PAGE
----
Road Songs

My wife Andrea and I recently returned from a truly delightful and action-packed  Labor Day weekend visit with our son, our daughter and her fiance`in Washington, D.C. With overnight stops to see family and friends in New Jersey on both the way down and the way back, this road trip took eight days and added 1218 miles to the odometer of our trusty, dark red, Ford Taurus station wagon.

Now, to me, on a long trip, conversation is the best stimulant. However, putting together the right collection of music CD’s, for those times when the conversation wanes, is one of the most essential parts of preparing for such a journey.

The first and foremost requirement for any disc that makes it into our zippered, black and silver, “Honda”-emblazoned, CD travel case is that it must contain music that both Andrea and I enjoy. Driving music also needs to be energizing, invigorating and endowed with a high degree of something I call “sing-along-ability.” I don’t think there’s anything that can make driving the New Jersey Turnpike enjoyable, but belting out “Spirit In The Night” or “Rosalita (Come Out Tonight)” as you cruise on past Newark certainly elevates the experience.

The CD’s that passed muster for this trip were: So Far by Crosby, Stills, Nash & Young; All That You Can’t Leave Behind by U2; Greatest Hits Volume One The Singles from The Goo Goo Dolls; and Volumes 1 & 2 of Motown 1960s from the 20th Century Masters/The Millennium Collection series.

Complementing those six albums were four carefully compiled mix CD’s containing a wide variety of classic tracks that also easily fit the bill. There was a two disc set entitled “Songs To Be Sung” and another two disc set simply called “Rockers.” These collections included songs by The Beatles, Bob Dylan, Joni Mitchell, The Rolling Stones, John Hiatt, Bonnie Raitt, The Doobie Brothers, The Band, Jackson Browne, James Taylor and a stellar list of many more of our  favorite artists.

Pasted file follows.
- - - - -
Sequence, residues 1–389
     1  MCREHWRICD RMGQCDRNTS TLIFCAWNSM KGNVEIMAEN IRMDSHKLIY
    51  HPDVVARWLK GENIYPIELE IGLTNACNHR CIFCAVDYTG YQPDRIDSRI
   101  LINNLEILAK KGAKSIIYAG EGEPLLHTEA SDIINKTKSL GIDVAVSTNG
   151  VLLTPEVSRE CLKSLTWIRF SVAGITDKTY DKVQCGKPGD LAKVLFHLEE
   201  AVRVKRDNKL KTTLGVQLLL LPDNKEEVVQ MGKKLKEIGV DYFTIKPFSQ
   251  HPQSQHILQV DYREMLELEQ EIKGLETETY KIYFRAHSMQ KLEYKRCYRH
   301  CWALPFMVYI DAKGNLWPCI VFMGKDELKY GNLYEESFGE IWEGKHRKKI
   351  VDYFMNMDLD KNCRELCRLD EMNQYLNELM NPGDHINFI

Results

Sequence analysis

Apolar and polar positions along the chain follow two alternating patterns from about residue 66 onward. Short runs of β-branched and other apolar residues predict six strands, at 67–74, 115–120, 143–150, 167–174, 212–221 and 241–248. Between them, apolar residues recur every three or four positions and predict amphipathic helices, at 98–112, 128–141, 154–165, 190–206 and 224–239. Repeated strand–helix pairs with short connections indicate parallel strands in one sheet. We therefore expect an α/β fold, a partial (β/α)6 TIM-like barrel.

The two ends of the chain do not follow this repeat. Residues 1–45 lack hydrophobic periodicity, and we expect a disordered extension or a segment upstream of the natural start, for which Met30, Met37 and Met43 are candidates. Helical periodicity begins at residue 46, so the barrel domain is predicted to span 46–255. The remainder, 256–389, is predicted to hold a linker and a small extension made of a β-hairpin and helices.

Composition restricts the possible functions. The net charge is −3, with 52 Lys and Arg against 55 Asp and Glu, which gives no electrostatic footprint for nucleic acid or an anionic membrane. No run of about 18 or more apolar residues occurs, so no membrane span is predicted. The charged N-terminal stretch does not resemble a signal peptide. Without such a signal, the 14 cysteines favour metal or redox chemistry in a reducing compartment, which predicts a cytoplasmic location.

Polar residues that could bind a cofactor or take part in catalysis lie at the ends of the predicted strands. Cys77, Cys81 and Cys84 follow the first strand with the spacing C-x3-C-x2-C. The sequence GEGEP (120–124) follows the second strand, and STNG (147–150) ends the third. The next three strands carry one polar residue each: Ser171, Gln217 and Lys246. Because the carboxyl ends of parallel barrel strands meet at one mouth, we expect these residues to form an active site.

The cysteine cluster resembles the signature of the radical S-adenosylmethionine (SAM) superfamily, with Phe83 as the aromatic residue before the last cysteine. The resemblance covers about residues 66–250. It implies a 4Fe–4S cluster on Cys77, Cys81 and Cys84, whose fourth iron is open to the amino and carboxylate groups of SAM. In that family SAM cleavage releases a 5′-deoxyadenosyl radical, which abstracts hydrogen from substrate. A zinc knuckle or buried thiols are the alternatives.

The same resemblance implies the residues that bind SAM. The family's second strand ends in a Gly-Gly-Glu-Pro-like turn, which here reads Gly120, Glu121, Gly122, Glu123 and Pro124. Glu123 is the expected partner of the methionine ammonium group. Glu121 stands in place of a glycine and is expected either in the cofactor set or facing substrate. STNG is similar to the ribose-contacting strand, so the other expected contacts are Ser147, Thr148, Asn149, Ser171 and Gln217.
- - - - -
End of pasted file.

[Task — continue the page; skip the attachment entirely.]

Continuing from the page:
Thus prepared and finally packed, off we drove.

From Southeast New Hampshire to Northern New Jersey: RiverVale and Washington Township; then to central NJ: Chatham and Cherry Hill; finally arriving in Washington, D.C.: Connecticut Ave., NW, just above Dupont Circle. While based there, we paid visits to Arlington, VA; Potomac, College Park and Silver Springs, MD; the White House and the Watergate, to name a few.

We talked.

As usually happens, Andrea and I found many topics to discuss and we never listened to all the music we brought. The discs by U2, CSN&Y, The Goo Goo Dolls and one each from the Songs to Be Sung set and the Rockers set did find their way into the disc player and all served their purpose admirably.

We sang. 

With our voices raised to the strains of “Slide,” “Our House,” “A Hard Day’s Night,” “Beautiful Day,” “Wouldn’t It Be Nice,” “Mr. Tambourine Man,” “The Weight” and many more incredible songs, we happily passed the time and covered the miles, rolling down that long ribbon of east coast highway. At the start, eagerly anticipating the sight of our children’s smiling faces and then, as we headed home, longing for a good night’s sleep under our own roof and together in our own bed. Home, sweet home.

Road Songs.

What songs drive you?

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3 Responses to Road Songs

  1. nbergill130 says:

    “The Woods” by The White Buffalo may be my favorite night driving song!

  2. TPS says:

    Like you, I have a fairly wide variety of music that I carry when on the road – Van Halen, Sammy Hagar to get my blood pumping, along with Johnny Winter, Muddy Waters, Kal David, and too many others that I can’t think of without more coffee…. When the mood strikes, Dvorak’s “New World”. When all else fails I’ll spin the dial on Sirius XM and listen to anything from Howard Stern, BB King’s Bluesville, and gawd help me, Hair Nation (80’s hair bands).
    There will be no disco…..

    Reading this post reminds me of a trip you and I took to Miami, back in the day, singing “Take It Easy” by the Eagles, Joan Biaz’ version of “The Night They Drove Old Dixie Down”, and of course, the “made up on the fly” skat routine ( bum bit a bah, bum bit a bah). Oh, and your “composed on the road” song, “100 Miles To Richmond”. Sigh, 40 years ago this past June if my fuzzy math is right….
    Glad you had a great trip! See you at the end of the month….
    TPS

  3. kizzbeth says:

    Road trips mean, by and large, show tunes and cabaret albums. Lots of high volume singing along with questionable technique and lyric accuracy.

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